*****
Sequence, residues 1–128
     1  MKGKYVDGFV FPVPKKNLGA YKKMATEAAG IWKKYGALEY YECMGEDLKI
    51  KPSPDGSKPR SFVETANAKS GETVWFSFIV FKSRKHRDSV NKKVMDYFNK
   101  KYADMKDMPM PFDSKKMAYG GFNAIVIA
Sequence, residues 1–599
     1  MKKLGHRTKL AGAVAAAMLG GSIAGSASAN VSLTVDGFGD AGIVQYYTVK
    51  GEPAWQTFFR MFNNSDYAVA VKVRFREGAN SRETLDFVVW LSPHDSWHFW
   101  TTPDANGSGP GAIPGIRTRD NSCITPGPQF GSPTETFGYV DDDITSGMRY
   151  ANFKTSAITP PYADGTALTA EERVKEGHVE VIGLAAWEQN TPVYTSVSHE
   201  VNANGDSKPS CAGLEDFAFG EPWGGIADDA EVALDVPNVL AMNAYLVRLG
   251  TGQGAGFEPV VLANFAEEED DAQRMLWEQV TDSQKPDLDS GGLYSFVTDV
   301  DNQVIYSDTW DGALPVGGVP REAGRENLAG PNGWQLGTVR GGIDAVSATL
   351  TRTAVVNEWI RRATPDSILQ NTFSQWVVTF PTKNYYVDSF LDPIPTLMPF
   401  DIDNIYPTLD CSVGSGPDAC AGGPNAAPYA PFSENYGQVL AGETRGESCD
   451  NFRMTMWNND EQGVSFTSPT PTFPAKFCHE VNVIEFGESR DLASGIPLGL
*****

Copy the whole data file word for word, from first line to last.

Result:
Sequence, residues 1–128
     1  MKGKYVDGFV FPVPKKNLGA YKKMATEAAG IWKKYGALEY YECMGEDLKI
    51  KPSPDGSKPR SFVETANAKS GETVWFSFIV FKSRKHRDSV NKKVMDYFNK
   101  KYADMKDMPM PFDSKKMAYG GFNAIVIA
Sequence, residues 1–599
     1  MKKLGHRTKL AGAVAAAMLG GSIAGSASAN VSLTVDGFGD AGIVQYYTVK
    51  GEPAWQTFFR MFNNSDYAVA VKVRFREGAN SRETLDFVVW LSPHDSWHFW
   101  TTPDANGSGP GAIPGIRTRD NSCITPGPQF GSPTETFGYV DDDITSGMRY
   151  ANFKTSAITP PYADGTALTA EERVKEGHVE VIGLAAWEQN TPVYTSVSHE
   201  VNANGDSKPS CAGLEDFAFG EPWGGIADDA EVALDVPNVL AMNAYLVRLG
   251  TGQGAGFEPV VLANFAEEED DAQRMLWEQV TDSQKPDLDS GGLYSFVTDV
   301  DNQVIYSDTW DGALPVGGVP REAGRENLAG PNGWQLGTVR GGIDAVSATL
   351  TRTAVVNEWI RRATPDSILQ NTFSQWVVTF PTKNYYVDSF LDPIPTLMPF
   401  DIDNIYPTLD CSVGSGPDAC AGGPNAAPYA PFSENYGQVL AGETRGESCD
   451  NFRMTMWNND EQGVSFTSPT PTFPAKFCHE VNVIEFGESR DLASGIPLGL